So this is where we are. This is the timeline for submission. Just to show everyone where they will have an opportunity to provide comments on the waiver application. Right now we are in a pre-clearance mode with CMS. We have developed the waiver, we are vetting it internally with CMS to make sure it´s technically complete. Once that happens, we will submit it and it will be published in the State register. We are aiming for the December 16th issue of the State register. There will be a link um to the um waiver amendment, the waiver application, that people can read and they can comment on. And there will be instructions for public comment as part of that State register posting. We will then hold, so that period then expires, it will run, it´s a thirty day public comment period and it will run to, December 16th to January 15th ah where people are able to ah, submit public comments on any capacity of the waiver amendment, all three of those contents components. Then we will hold two virtual public hearings. We would have traditionally have held these in-person, we would have done them in different parts of the State. We fully expect come January that travel restrictions or other sort of you know ability to hold large public gatherings should still be limited. CMS has permitted virtual public hearings to substitute for in-person public hearings during the duration of the federal public health emergency. So we are going to hold two public hearings on January 21st and January 27th. They will look and feel a lot like this. But we will in addition to providing a brief overview of the waiver again, we will open it up for Q&A. Again this meeting today is informal and informational, to give people a sense of what we are doing. It´s not going to count as one of these two virtual public hearings which will come in January post expiration of the public comment period. We will receive all of the public comments following the virtual public hearings and public comment period. We will review, we will integrate them, we revise the waiver application if necessary. And then we will, our target submission date for a formal application to CMS is, we are saying early March, it will probably be around March 5th or so. And that will give CMS a month, and given that this is non-programatic, we are hoping that CMS will quickly review and approve our waiver amendment so it is concurrent with the expiration. If CMS cannot review and approve the waiver amendment by April 1, we are hoping "A" they can approve the non-programatic pieces of it um but the CMS will permit the waiver amendment to continue in a quote unquote "administrative temporary extension period". So simply getting the waiver in preserves, getting the waiver application in preserves the waiver amendment even if CMS cannot formally renew it by April 1. Um and so that´s why this is such an important component and why again our strategy here has been - keep it simple, given that CMS has not engaged on our larger programmatic changes that we´ve submitted in last year and May of this year. Next slide please.

So that´s um you know, that´s basically it at this point. We are happy in the next twenty or thirty minutes to scroll through these questions um and um try and answer a few of them. So if you give us a few minutes or actually you know I can just start taking them down um and we may break a little bit and sort of figure out if there are repeats how to best answer these efficiently. But, um, I´ll start going through the questions. The first question is "Will the slides and recording be available?" , the answer is yes. We will post this on the MRT II Waiver website. If you, actually, if you can advance to the next slide the, the the websites are here and so the MRT II waiver website, we will post a recording on this webpage. As well as likely the MRT II website as well, so there is multiple places you can access it, but yes, we will make all of this public. The next question is "Has rebasing been done?" The answer is rebasing will be done as part of this waiver application. It has not been done yet, we will submit our calculations of the rebasing along with the waiver application, and then CMS will rebase, when they approve the renewal. It´s unclear to us whether the rebasing will be retroactive to April 1, 2021 or whether, or if it will be as of the date they approve the waiver, if that approval is later than April 1, 2021. But, this consistent with all of CMS´s guidance dating back to 2017, we will be, we will be rebased. And we are I think the first state to go through rebasing under the new CMS guidance that was issued. The question is, "Is the pharmacy carve-out contingent on a waiver extension?" Um, that is a more complicated legal question than I think it was probably intended to be. The answer is, the 1115, um, the current legal thinking is the 1115 waiver needs to be amended in order to um, in order to pursue the pharmacy carve-out. You know that, because Managed Care is authorized by virtue of the 1115 waiver, we want to be sure the 1115 waiver amendment reflects um, what, you know, reflects the nature of the pharmacy carve-out in its terms and conditions. And so, the pharmacy carve-out and the waiver extension need to go hand-in-hand because if the waiver extension, if the waiver is not extended, there is nothing to amend to achieve the pharmacy carve-out. There is a little bit of a additional complexity there because it´s not like a fully authorized waiver service in that pharmacy services are State plan services, and so we can achieve a lot through a State plan amendment as well and we´ll, you know, we´ll have to see how the waiver renewal goes and the time period by which, you know, CMS acts, but it´s important that we give certainty and not rely entirely on CMS´s approval of the waiver to start effectuating the pharmacy carve-out. So stay tuned on the pharmacy specific communications there so that we can be clear as these two pieces come together by necessity. The next question is, "If the 1115 extension is not approved, does that mean...", so I think that´s the same question about the relationship between the two. That´s actually another question on that. Give me a minute while I scroll through these. Similar question, which is, "How do the waiver amendments submitted in the last few months, regarding the other MRT II changes, relate to this, will they be incorporated in this submission, the look back, the personal care services changes, the auto-assign changes?" I´ve touched on it a little bit but it bears repeating again, um, those waiver amendments were submitted, they´ve been, they´re in various stages of review by CMS. The, now that CMS has issued the interim final rule, that has changed the maintenance of effort requirements - what CMS can act on prior to end of the calendar quarter, which the federal public health emergency expires, has changed, and so we, it´s possible now that CMS will act on, say the MLTC enrollment eligibility change prior to April 1st, 2021. So let´s say they approve that in January or February, that will go into effect upon CMS´s approval and when the new assessment process takes effect. Then, that will then carry forward into the waiver renewal process. I don´t like to guess in terms of catastrophic scenarios, but let´s say we get the waiver approved and CMS declines for some reason or the other, and they reject our renewal request, they don´t think we should have an 1115 waiver amendment anymore, then we need to go through the complex process of moving those managed care authorities into other areas. We have to move it from an 1115 authority into 1915b authority and takes some time. So, again the 1115 is, you need to have a base 1115 in place to ensure that these programmatic changes carry forward. And so ideally, CMS will approve our pending waiver amendments and then they will be simply renewed as our programmatic renewal takes effect. I hope that was clear. There is a great deal of complexity but we can delve into that a little deeper. "Will any of these waiver requests include workforce reinvestment initiatives?" The three contents of our current application do not include specific workforce reinvestment initiatives. But as I mentioned earlier, all we are doing now is extending the term. This is non-programmatic. So when we get the waiver extended and we pursue one or more larger programmatic amendments, that is where we will consider workforce reinvestment initiatives as we´ve done with other amendments, including our November 2019 and in DSRIP before that. And so while there isn´t a specific workforce component in this, that´s by design, again, trying to keep it simple - we are not asking for any new federal match or federal funding. We are simply looking to continue the existing authority so we can then amend the waiver to include new programmatic things which again could include workforce reinvestment initiatives. So, no regulatory or programmatic changes to the terms from all of 2021, just an extension. The answer is yes, this is again just an extension. We will make regulatory and programmatic changes after it is extended and hopefully quite quickly thereafter. But again, we don´t want to complicate and elongate CMS´s review in hopes that we limit this period of, we limit CMS´s period of review and then we can assess the Biden administration´s priorities and design a waiver that we think will fit within their administrative priorities like we did with administrations before this one.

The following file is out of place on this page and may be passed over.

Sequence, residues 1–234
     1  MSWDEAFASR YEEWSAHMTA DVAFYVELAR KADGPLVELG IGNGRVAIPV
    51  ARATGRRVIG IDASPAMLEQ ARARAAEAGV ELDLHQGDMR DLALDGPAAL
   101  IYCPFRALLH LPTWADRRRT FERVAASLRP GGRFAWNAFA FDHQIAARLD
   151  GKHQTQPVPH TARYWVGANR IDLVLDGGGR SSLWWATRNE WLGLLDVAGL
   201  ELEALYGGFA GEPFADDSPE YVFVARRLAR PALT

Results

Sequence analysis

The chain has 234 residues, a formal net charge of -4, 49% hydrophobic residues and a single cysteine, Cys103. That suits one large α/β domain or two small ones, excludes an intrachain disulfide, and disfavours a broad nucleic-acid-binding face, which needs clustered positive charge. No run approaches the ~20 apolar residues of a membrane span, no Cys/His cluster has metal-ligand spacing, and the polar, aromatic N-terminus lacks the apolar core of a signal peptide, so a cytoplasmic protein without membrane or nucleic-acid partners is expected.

Similar question, "Will this renewal include programs like DSRIP or workforce investment?" Again, I´m sorry for being a broken record, this specific renewal does not include any new programs like DSRIP or workforce investment. Again, we are just trying to preserve the special terms and conditions so that we can seek future amendments that include programmatic features that build on DSRIP. Whether they will be called DSRIP or not will probably be a function of what the Biden administration believes. As you know, the Trump administration disfavored DSRIP programs, but you know we are hopeful that the current administration is more expansive in what it would view as eligible for 1115 waiver authorities. And certainly workforce investment is a critical component of new programmatic changes. So again, not this one, there will be another opportunity which we will submit one or more large waiver amendments so we can pursue those initiatives with appropriate public input. There is a question about "Will alternative therapies be covered?", chiropractic, massage therapy, likely acupuncture as an alternative to opioids or other pain treatments. We have an MRT II recommendation that relates to that specific question. At this point, implementation of those initiatives doesn´t require a to our 1115 waiver amendment. I believe, and Greg can correct me, that we are pursuing most of those authorities through State plan amendments as opposed to waiver amendments. And so, the 1115 waiver amendment is not inclusive of those alternative therapy coverage at this point, but it is on our policy and programmatic radar and we are moving forward in pursuing those initiatives. That´s correct Brett. Ok great, thank you Greg. You know Greg, you´re on, Donna, you´re on. I´m sort of out of questions which is good, because it means that hopefully we were relatively clear in what we were trying to do. But I wanted to break here and Greg or Donna, if there is anything that you want to add to this presentation, again this is going to be recorded, if other questions come we will be happy to entertain them. But by design, this is a simple structure, and it´s designed to preserve authorities so we can give the current administration a chance to settle people in and then engage with them on what our priorities will be in the coming years. But Greg and Donna, I want to hand it over to you if there is anything you want to add to that message. Brett, I would just, this is Greg, I would just double underline the point that the priorities we had in the prior waiver submissions remain our priorities, and you know, folks should not read into this design as any kind of backing away from those priorities. I think this is really strategic. So, all of the work that we did on criminal justice is still very important to us. All of the work we did on DSRIP continuation, and I´ll just say there were very critical workforce components that we were trying to carry forward in that previous work that we were submitting right around this time last year, right before Thanksgiving. So all of those priorities remain our priorities and I think we´re looking forward, as Brett´s been saying, to a more you know favorable landscape for them. And just also to say that we do have a long history of building programmatic changes on top of an approved waiver and using DSRIP as the example was a good one because that program did span two waiver extension renewal periods. And, you know, many States have added programmatic features, as New York has, to an existing approved waiver. So, um, we are you know still committed to those reforms. That´s the only thing I would add Brett to your otherwise excellent overview. Excellent. So with that, I´m not seeing any additional questions coming in, I´m happy to give everyone a few minutes back on this cold Wednesday morning. And again, these materials will be made available. There is a web, a bml address on the slide so if other questions arise after this, please email that email address and we will promptly respond in hopes of answering your questions about this waiver approach. And you know we look forward to the public comment process, the virtual public hearings. There will be other opportunities to provide input and ask questions about this. But I think it´s, you know, I´m pleased to be able to start the process and make sure that we have a sustainable Medicaid program for the next three years. So thank you everyone and have a good rest of the day.